Digital elevation models (DEM) provide a representaion of surface topography (elevation) in two dimensional space. DEMs are a 3D representaion of a terrain’s surface such as the Earth. Typically, DEM data can be represented as a raster which is most easily expressed as being a 2D array with each individual cell having an elevation associated with it.
With this data, we are able to use programs in order to analyze certain physical aspects about the area associated with the data. This tutorial will go over how we compute the slope and aspect of an area using DEM data.
- Read in DEM data
- Compute the slope for the entirety of the data
- Compute the aspect for the entirety of the data
- Output a PNG image visualizing the slope of the terrain
- Output a PNG image visualizing the aspect of the terrain
Note that as of 2016-12-14, this tutorial uses a custom installation of pyDEM, which can be installed directly from GitHub from the command line via
pip install git+git://github.com/mbjoseph/pydem.git
import numpy as np import matplotlib import matplotlib.pyplot as plt import elevation from pydem.dem_processing import DEMProcessor from matplotlib.colors import ListedColormap from matplotlib import colors %matplotlib inline matplotlib.rcParams['figure.figsize'] = (10.0, 8.0)
Download a digital elevation model
Our first objective is acquire a DEM. We’ll do this with the
elevation module, which allows you to fetch data from the NASA SRTM mission via a bounding box. Here we draw a bounding box around Mt. Shasta in northern California, and use the command line interface to output a GeoTIFF.
!eio clip -o Shasta-30m-DEM.tif --bounds -122.4 41.2 -122.1 41.5
Your system is ready. make: Nothing to be done for `download'. make: Nothing to be done for `all'. gdal_translate -q -co TILED=YES -co COMPRESS=DEFLATE -co ZLEVEL=9 -co PREDICTOR=2 -projwin -122.4 41.5 -122.1 41.2 SRTM1.vrt /Users/majo3748/Documents/earthlab/tutorials/python/Shasta-30m-DEM.tif
Use the DEMProcessor to compute slope and aspect for the DEM:
# needs to match above command filename = 'Shasta-30m-DEM.tif' # instantiate a processor object processor = DEMProcessor(filename) # get magnitude of slope and aspect mag, aspect = processor.calc_slopes_directions()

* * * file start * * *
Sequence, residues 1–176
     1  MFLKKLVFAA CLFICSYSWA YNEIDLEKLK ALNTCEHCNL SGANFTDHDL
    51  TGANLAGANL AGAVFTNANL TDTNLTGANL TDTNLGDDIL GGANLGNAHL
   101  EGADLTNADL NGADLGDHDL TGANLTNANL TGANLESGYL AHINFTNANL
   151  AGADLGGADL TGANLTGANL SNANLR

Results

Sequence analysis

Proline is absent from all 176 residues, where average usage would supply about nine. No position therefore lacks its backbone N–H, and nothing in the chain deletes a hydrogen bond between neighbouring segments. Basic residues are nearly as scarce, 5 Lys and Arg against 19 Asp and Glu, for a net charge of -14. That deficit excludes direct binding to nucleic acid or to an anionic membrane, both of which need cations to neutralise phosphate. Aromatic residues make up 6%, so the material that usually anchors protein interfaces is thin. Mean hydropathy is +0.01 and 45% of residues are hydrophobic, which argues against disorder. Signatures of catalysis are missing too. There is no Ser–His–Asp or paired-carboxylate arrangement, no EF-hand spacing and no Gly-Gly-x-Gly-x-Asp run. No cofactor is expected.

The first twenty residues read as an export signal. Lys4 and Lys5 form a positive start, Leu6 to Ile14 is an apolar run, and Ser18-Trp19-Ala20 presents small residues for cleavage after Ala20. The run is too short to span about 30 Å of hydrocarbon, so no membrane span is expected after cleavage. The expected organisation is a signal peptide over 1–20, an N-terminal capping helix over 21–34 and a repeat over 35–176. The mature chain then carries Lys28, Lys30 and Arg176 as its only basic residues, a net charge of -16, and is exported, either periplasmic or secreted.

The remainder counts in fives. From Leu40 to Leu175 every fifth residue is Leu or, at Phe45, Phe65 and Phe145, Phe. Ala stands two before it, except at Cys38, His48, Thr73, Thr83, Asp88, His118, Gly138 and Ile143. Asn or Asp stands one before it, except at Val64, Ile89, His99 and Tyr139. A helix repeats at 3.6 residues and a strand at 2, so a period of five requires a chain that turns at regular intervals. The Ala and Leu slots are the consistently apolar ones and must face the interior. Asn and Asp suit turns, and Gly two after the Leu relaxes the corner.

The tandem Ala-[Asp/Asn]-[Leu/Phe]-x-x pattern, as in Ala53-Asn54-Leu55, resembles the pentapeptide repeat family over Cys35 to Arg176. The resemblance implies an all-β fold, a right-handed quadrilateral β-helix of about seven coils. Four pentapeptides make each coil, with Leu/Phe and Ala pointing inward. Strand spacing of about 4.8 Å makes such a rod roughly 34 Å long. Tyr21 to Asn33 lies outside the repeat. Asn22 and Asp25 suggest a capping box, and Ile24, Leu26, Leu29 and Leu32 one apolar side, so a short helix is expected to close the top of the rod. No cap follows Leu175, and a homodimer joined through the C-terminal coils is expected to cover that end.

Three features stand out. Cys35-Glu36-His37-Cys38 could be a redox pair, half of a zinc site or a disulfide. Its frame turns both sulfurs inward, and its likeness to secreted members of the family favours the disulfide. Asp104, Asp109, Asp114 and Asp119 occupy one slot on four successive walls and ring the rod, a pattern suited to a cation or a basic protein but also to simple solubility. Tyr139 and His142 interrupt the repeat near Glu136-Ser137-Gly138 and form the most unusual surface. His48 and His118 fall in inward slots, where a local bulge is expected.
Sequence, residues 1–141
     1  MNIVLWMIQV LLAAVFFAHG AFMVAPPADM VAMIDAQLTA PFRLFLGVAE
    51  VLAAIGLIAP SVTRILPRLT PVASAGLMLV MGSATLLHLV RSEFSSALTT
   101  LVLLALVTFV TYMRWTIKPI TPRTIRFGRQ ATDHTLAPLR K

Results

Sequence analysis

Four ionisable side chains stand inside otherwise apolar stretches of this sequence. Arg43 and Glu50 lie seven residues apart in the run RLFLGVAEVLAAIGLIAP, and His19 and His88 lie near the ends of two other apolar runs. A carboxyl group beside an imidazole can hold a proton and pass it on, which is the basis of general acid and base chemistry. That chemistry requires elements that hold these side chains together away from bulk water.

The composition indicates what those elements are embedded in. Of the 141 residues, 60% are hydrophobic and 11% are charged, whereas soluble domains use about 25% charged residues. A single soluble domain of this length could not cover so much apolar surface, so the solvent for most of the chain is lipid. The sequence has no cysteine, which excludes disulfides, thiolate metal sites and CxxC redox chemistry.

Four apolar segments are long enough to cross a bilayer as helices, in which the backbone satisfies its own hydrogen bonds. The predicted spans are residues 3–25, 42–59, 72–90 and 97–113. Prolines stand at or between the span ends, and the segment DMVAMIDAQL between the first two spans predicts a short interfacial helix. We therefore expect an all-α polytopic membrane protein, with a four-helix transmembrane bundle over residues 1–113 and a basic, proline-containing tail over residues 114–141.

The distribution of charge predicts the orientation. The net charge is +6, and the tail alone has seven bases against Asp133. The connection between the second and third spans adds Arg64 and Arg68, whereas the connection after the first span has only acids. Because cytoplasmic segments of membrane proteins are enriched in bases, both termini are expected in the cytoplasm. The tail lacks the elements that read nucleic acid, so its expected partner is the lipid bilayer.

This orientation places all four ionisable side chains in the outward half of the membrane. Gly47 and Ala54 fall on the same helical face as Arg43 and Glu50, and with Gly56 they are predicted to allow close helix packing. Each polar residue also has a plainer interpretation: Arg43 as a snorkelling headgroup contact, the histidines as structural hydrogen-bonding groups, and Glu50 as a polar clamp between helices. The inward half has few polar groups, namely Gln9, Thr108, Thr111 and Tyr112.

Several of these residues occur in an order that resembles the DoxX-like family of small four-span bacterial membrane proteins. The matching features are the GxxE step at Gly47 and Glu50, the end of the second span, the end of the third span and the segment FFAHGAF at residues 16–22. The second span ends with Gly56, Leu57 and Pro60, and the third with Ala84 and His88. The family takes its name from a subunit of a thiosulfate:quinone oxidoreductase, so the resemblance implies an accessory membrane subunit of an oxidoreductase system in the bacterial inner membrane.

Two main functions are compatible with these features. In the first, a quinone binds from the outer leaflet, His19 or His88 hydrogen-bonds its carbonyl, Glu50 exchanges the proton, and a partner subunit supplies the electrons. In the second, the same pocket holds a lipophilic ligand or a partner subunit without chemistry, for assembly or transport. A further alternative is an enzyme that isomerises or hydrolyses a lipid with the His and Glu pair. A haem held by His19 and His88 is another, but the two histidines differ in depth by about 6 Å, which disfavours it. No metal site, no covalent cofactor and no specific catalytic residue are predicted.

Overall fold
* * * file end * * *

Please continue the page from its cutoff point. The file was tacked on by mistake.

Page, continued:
/Users/majo3748/anaconda/envs/py27/lib/python2.7/site-packages/pydem/dem_processing.py:563: MaskedArrayFutureWarning: setting an item on a masked array which has a shared mask will not copy the mask and also change the original mask array in the future. Check the NumPy 1.11 release notes for more information. self.data[data.mask] = FILL_VALUE starting slope/direction calculation for chunk 1 [0:516, 0:516] starting slope/direction calculation for chunk 2 [0:516, 508:1028] starting slope/direction calculation for chunk 3 [0:516, 1020:1080] starting slope/direction calculation for chunk 4 [508:1028, 0:516] starting slope/direction calculation for chunk 5 [508:1028, 508:1028] starting slope/direction calculation for chunk 6 [508:1028, 1020:1080] starting slope/direction calculation for chunk 7 [1020:1080, 0:516] starting slope/direction calculation for chunk 8 [1020:1080, 508:1028] starting slope/direction calculation for chunk 9 [1020:1080, 1020:1080]
Let’s peek at these objects, both of which are numeric arrays.
array([[ nan, nan, nan, ..., 0.32364485, 0.44950795, 0.2586934 ], [ nan, nan, nan, ..., 0.32364485, 0.44950795, 0.41471453], [ nan, nan, 0.04311538, ..., 0.43404787, 0.4197514 , 0.28500046], ..., [ 0.44798625, 0.44798625, 0.51895544, ..., 0.1062964 , 0.12971104, 0.12971104], [ 0.3983211 , 0.47653369, 0.52412218, ..., 0.07775003, 0.10756881, 0.1297108 ], [ 0.42918458, 0.5150215 , 0.55793996, ..., 0.07775003, 0.10756881, 0.08583692]])
array([[ nan, nan, nan, ..., 2.49694673, 2.6124799 , 3.14159265], [ nan, nan, nan, ..., 2.49694673, 2.6124799 , 2.24437453], [ nan, nan, 3.14159265, ..., 2.67698894, 2.37318076, 2.22072197], ..., [ 0.53113069, 0.53113069, 0.59700458, ..., 4.29676177, 3.98922813, 3.98922813], [ 0.2466342 , 6.14671481, 6.09656191, ..., 4.12762132, 3.78846596, 3.98923025], [ 0. , 0. , 0. , ..., 4.12762132, 3.78846596, 3.14159265]])
Next, let’s visualize aspect and slope using the
# use a log scale to normalize the scale a bit plt.imshow(np.log(mag), cmap="magma")
<matplotlib.image.AxesImage at 0x111dab150>
plt.imshow(aspect, cmap = "viridis")
<matplotlib.image.AxesImage at 0x113efe110>